The Perfect Trip
President of Business Networks and Applications, SAP
Enabling the “Perfect Trip” through a Globally Connected Travel Platform
When Concur entered the travel business in 2006, we asked what the “Perfect Trip” would look like, and quickly realized that it’s fundamentally about being connected. For travellers, that means seamless travel from planning the trip to boarding the plane to being reimbursed for expenses. For the business, it’s about ensuring a clear and compliant approach for traveller safety, security and accountability.
We’re a lot closer to the “Perfect Trip” today than we were back then. Today, you can go straight to your flight gate using an electronic boarding pass and bypass both taxi lines and hotel check-ins using apps. And in the US, you can speed through airport security and US customs by using TSA PreCheck and the Global Online Enrollment System (GOES) on your smartphone. That convenience even extends to travel between the US and Canada via the NEXUS program.
But when it comes to American travellers crossing international borders other than Canada, there’s more to be done. What would it take to facilitate seamless, expedited travel to countries such as Japan, India or South Africa?
Making the Case for an Open Platform Approach
One thing is clear: if we don’t pursue smart, strategic ways to facilitate international travel, we’re in for longer lines and increased risk. According to a 2014 study by the International Air Transport Association (IATA), the number of airline travelers will double by 2030—while our infrastructure will struggle to accommodate demand.1
The good news is, we don’t have to trade security or compliance for convenience. Technology—specifically, an open-platform approach—can dramatically increase transparency for all involved in the travel process, while keeping travel secure. This approach will enhance data collection and extend important traveller context by giving travel constituents—vendors, airport security, even governments—the same access to high-value datasets.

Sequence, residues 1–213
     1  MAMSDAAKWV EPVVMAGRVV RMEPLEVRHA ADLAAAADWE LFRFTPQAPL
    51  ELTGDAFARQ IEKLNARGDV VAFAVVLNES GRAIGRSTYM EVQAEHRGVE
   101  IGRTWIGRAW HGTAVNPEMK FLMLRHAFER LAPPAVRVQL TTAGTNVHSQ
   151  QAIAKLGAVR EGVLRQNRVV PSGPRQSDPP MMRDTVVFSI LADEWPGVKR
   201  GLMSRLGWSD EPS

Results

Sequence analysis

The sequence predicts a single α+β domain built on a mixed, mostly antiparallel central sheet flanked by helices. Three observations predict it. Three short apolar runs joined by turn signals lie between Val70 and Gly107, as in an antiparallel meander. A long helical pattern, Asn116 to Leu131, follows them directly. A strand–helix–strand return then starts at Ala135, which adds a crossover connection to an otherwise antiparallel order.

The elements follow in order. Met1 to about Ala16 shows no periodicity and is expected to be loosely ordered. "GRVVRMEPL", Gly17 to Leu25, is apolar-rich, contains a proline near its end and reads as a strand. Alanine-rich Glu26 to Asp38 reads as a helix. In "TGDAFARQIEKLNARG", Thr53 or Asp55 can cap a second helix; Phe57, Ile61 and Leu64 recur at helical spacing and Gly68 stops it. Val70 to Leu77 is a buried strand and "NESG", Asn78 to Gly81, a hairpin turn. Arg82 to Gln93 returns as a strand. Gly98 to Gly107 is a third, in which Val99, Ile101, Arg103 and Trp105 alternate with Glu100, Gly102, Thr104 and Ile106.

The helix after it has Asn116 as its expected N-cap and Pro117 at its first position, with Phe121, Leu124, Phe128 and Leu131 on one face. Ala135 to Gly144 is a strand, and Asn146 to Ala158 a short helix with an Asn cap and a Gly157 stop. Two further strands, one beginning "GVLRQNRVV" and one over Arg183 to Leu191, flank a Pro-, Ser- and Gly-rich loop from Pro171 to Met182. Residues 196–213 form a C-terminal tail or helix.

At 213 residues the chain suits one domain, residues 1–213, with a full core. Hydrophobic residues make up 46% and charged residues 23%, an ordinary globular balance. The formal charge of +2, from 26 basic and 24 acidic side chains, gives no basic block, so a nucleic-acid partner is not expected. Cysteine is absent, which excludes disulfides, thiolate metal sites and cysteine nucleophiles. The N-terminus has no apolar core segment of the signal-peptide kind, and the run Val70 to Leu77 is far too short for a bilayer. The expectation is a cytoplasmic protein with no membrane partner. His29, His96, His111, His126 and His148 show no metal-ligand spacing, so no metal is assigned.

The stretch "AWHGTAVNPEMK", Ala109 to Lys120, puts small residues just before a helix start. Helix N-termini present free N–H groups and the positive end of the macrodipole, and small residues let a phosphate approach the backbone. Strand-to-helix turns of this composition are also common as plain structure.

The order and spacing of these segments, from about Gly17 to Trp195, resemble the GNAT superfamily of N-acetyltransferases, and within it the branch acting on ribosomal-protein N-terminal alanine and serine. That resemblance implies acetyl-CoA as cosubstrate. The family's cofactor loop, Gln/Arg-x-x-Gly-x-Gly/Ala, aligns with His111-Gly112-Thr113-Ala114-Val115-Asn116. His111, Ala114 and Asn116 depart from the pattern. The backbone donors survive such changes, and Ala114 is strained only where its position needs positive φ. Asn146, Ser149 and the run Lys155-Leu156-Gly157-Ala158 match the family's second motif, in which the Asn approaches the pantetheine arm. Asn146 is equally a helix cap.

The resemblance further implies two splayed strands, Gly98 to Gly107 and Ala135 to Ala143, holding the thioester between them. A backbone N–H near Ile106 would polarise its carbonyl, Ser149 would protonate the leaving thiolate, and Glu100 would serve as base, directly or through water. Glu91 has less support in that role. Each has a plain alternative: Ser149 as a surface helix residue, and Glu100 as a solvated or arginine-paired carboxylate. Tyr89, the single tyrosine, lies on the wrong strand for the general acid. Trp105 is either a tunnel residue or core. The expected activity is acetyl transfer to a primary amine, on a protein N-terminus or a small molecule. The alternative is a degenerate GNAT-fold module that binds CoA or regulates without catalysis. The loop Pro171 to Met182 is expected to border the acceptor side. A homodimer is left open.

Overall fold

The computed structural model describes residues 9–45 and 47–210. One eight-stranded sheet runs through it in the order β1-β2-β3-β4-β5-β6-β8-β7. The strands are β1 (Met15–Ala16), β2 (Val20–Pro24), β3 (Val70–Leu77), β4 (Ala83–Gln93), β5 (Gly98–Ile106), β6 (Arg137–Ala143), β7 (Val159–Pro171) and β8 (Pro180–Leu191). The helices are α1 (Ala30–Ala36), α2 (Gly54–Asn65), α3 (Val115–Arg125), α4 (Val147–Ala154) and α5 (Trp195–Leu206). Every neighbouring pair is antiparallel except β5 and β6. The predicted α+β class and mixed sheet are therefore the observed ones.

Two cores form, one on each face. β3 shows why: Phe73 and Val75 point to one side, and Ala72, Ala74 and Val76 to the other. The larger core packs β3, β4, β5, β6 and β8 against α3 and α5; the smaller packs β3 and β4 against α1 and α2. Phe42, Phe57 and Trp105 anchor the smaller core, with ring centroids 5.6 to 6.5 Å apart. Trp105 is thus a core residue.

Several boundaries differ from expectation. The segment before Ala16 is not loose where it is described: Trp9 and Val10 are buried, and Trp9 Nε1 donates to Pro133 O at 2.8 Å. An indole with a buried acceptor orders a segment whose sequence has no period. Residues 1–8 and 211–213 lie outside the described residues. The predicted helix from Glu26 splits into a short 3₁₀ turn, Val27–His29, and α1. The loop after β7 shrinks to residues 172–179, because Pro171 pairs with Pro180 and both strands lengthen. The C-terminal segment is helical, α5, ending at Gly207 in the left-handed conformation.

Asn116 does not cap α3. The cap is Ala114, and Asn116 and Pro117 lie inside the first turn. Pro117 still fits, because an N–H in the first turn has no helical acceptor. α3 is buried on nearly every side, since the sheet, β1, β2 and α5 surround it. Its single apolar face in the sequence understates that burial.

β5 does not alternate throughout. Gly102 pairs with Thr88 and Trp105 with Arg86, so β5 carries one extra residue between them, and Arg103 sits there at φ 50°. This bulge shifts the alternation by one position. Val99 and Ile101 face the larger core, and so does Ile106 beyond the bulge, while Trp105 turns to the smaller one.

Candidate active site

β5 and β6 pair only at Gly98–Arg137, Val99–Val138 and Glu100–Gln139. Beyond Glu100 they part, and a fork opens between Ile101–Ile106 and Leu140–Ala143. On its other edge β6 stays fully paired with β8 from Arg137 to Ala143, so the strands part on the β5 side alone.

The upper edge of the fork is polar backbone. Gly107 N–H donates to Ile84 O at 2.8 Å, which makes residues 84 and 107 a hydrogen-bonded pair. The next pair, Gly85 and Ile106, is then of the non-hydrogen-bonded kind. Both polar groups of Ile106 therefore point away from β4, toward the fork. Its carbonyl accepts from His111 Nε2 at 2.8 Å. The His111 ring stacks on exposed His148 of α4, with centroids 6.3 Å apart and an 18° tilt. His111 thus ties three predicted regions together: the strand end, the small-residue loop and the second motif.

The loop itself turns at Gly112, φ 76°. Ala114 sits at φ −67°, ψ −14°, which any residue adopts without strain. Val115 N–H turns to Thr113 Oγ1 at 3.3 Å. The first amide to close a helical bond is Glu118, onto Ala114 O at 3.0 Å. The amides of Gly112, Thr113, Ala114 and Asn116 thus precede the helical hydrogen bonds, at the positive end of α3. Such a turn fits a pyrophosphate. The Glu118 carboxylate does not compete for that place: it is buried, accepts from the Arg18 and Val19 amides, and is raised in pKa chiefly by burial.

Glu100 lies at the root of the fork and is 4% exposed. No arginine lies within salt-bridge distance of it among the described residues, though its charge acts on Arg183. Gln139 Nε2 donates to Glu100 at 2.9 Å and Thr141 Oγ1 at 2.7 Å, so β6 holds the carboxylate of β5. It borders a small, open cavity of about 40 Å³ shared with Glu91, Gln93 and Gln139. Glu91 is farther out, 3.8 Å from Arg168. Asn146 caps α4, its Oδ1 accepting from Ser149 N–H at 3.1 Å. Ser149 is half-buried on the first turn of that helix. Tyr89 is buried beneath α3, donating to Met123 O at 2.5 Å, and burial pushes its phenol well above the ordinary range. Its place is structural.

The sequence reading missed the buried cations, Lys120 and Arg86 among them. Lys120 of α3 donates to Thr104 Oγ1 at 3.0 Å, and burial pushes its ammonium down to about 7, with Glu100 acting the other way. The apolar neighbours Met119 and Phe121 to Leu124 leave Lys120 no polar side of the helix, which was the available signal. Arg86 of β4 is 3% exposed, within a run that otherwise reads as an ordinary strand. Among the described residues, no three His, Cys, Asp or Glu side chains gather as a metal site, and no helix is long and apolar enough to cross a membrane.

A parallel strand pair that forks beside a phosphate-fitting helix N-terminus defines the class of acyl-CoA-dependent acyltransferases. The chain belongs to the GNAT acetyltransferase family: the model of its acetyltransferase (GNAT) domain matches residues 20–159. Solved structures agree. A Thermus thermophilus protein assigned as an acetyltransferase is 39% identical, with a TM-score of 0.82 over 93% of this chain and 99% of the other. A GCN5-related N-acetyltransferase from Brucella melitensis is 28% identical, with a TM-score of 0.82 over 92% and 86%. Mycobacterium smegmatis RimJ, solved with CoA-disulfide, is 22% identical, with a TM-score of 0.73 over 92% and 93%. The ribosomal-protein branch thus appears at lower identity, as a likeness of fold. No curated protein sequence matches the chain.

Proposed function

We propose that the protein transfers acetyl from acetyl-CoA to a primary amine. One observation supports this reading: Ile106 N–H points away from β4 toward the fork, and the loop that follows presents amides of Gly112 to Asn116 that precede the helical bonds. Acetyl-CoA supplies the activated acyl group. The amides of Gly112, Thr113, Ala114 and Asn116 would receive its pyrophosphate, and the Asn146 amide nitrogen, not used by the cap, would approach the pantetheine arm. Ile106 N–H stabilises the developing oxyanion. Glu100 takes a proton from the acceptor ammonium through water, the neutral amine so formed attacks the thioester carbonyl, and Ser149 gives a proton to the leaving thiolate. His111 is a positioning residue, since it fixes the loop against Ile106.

In other words, if a person opts in to share their travel information, an open-platform approach will ensure that person’s travel history, credentials and intent are shared from point to point, bridging geographies and disparate systems. Countries that might accept GOES credentials to expedite border crossings, for instance, would have visibility into a traveller’s GOES information and other relevant context. And of course, the more entities agree to participate, the more robust and helpful the system will be.
And if we find a way to standardize that data across different jurisdictions to ensure all the necessary elements are in place for appropriate security checks, we will enhance security, compliance and convenience for all concerned.
We Have the Technology—We Just Need to Build the Trust
To achieve all that, we don’t have to start from scratch. We can adapt today’s technology—biometrics, for example, facial recognition software that has proven to be more accurate than manual verification—to share a traveller’s identity in a secure way, with whomever they choose.
But technology isn’t the challenge—privacy is. To protect the individual’s right to privacy, anyone who opts in should be able to make case-by-case decisions on with whom to share their data and how much data to share.
Earning the public’s trust is vital, and transparency is a must. In order to standardize and collect data, we must commit to continuously building trust with travellers, travel vendors, airports, security teams—even governments. We can earn the trust of those who are accountable for security by being transparent and working with them to build a global standard for data. We can earn the trust of travellers by empowering them with control over who has access to their information.
At the end of the day, this must be a programme on which both travel and security professionals can rely. It wouldn’t be easy, but I think it’s an idea whose time has come.